A Lover’s Discourse: Fragments

Why does reading philosophy hurt my head? Regardless, the effort for this book is worth it, as the hurt head also helps to heal hurt heart. What follows is a varied collection of thoughts on love, its absence, the object and subject of love. Barthes relies heavily on The Sorrows of Young Werther (maybe I can re-read in the original German?) for examples. His toolbox also includes Nietzsche, Racine, Winnicott, Sartre…
Note to self: when you dog-ear almost every page in the book, it’s a good indication that you should own a copy of the book.

I who love… am sedentary, motionless, at hand, in expectation, nailed to the spot, in suspense – like a package in some forgotten corner of a railway station. Amorous absence functions in a single direction, expressed by the one who stays, never by the one who leaves… To speak this absence is from the start to propose that the subject’s place and the other’s place cannot permute; it is to say “I am loved less than I love.”

Sometimes I have no difficulty enduring absence. Then I am “normal”… I behave as a well-weaned subject; I can feed myself… on other things besides the maternal breast. This endured absence is nothing more or less than forgetfulness. I am, intermittently, unfaithful. This is the condition of my survival; for if I did not forget, I should die.

A Greek lesson:

Pothos, desire for the absent being, and Himéros, the more burning desire for the present being.

Someone tells me: this kind of love is not viable. But how can you evaluate viability? Why is the viable a Good Thing? Why is it better to last than to burn?

What I hide by my language, my body utters. I can deliberately mold my message, not my voice… I am a liar (by preterition), not an actor. My body is a stubborn child, my language is a very civilized adult.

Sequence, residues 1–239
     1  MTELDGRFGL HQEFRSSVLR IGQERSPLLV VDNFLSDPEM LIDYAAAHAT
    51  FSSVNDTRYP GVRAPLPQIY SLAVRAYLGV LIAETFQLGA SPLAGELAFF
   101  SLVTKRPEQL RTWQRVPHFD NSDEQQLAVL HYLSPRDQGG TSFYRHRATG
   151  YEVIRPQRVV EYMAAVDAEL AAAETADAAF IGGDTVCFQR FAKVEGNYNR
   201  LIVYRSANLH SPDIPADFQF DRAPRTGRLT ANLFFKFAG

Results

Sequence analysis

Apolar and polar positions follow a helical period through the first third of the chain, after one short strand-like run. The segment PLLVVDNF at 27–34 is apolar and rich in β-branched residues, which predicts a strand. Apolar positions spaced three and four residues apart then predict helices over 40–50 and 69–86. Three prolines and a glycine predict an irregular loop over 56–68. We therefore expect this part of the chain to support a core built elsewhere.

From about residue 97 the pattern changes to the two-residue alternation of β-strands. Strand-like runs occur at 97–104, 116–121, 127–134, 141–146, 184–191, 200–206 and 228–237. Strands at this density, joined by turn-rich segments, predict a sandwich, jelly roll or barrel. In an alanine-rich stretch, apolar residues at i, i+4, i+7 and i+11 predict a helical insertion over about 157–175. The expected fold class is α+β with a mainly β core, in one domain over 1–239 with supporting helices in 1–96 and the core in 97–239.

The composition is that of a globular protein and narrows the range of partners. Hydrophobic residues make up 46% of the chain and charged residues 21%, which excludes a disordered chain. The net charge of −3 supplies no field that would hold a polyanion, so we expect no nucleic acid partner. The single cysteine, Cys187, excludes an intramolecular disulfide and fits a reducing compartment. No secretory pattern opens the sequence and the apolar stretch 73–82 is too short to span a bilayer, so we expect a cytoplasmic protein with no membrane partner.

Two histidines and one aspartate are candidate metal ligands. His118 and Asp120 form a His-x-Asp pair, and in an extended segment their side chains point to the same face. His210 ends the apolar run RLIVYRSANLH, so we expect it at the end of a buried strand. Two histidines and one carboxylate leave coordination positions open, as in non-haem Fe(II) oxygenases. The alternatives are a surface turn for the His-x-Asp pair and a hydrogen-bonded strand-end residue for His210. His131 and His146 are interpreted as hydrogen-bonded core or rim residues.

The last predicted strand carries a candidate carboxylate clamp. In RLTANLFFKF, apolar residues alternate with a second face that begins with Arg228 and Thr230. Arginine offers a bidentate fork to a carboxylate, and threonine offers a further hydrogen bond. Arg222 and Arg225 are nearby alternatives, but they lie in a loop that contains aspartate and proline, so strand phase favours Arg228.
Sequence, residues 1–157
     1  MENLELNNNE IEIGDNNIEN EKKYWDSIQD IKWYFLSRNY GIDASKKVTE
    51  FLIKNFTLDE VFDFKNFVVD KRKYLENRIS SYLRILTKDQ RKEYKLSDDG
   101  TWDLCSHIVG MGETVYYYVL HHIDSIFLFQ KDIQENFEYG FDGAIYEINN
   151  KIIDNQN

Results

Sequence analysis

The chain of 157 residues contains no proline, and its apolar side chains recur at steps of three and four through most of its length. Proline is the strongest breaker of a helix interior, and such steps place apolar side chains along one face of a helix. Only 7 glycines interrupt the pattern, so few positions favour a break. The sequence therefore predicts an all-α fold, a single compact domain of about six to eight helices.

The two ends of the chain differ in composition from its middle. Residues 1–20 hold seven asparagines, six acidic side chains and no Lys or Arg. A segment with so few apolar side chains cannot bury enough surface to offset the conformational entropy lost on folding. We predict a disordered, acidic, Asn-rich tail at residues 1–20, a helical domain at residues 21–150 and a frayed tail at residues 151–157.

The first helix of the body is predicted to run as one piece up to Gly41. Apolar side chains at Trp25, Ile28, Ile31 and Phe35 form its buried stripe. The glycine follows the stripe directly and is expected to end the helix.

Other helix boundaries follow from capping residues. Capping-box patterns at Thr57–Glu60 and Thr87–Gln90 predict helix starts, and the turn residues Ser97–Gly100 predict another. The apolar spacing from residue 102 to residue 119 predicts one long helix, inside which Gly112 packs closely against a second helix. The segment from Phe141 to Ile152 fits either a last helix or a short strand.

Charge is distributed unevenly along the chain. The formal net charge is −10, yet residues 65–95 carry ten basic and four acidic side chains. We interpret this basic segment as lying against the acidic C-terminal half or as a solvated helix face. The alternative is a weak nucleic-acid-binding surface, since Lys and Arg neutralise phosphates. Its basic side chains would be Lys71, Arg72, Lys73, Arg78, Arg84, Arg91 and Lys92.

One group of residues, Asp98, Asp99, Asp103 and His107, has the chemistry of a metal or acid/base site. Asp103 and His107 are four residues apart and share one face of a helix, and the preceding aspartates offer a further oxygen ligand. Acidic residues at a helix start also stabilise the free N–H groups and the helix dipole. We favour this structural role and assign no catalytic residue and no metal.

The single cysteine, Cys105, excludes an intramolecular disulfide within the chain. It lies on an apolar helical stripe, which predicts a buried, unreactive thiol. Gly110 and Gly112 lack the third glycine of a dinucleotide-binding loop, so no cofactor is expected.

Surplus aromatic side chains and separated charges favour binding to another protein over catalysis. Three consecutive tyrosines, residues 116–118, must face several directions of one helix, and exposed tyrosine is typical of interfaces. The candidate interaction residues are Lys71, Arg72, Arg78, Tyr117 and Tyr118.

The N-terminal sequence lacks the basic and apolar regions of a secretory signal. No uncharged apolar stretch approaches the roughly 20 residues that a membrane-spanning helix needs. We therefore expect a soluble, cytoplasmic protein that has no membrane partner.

… the amorous glue is indissoluble; one must either submit or cut loose: accommodation is impossible (love is neither dialectical nor reformist).

Language is a skin: I rub my language against the other. It is as if I had words instead of fingers, or fingers at the tip of my words.

The resistance of the wood varies depending on the pale where we drive in the nail: wood is not isotropic. nor am I; I have my “exquisite points.” The map of these points is known to me alone, and it is according to them that I make my way, avoiding or seeking this or that, depending on externally enigmatic counsel; I should like this map of moral acupuncture to be distributed preventively to my new acquaintances (who, moreover, could also utilize it to make me suffer more).

On “I love you” as a phrase:

The word (the word-as-sentence) has a meaning only at the moment I utter it; there is no other information in it but its immediate saying: no reservoir, no armory of meaning. Everything is in the speaking of it: it is a “formula,” but this formula corresponds to no ritual; the situations in which I say I-love-you cannot be classified; I-love-you is irrepressible and unforeseeable… It is neither quite what is uttered (no message is congealed, sorted, mummified within it, ready for dissection) nor quite the uttering itself… We might call it a proffering, which has no scientific place: I-love-you belongs neither in the realm of linguistics nor in that of semiology. Its occasion (the point of departure for speaking it) would be, rather, Music. In the manner of what happens in singing, in the proffering of I-love-you, desire is neither repressed (as in what is uttered) nor recognized (where we did not expect it: as in the uttering itself) but simply: released, as an orgasm. Orgasm is not spoken, but it speaks and it says: I-love-you.


auth=Barthes, Roland
pub=1978
sub= translated by Richard Howard
isbn=0374521611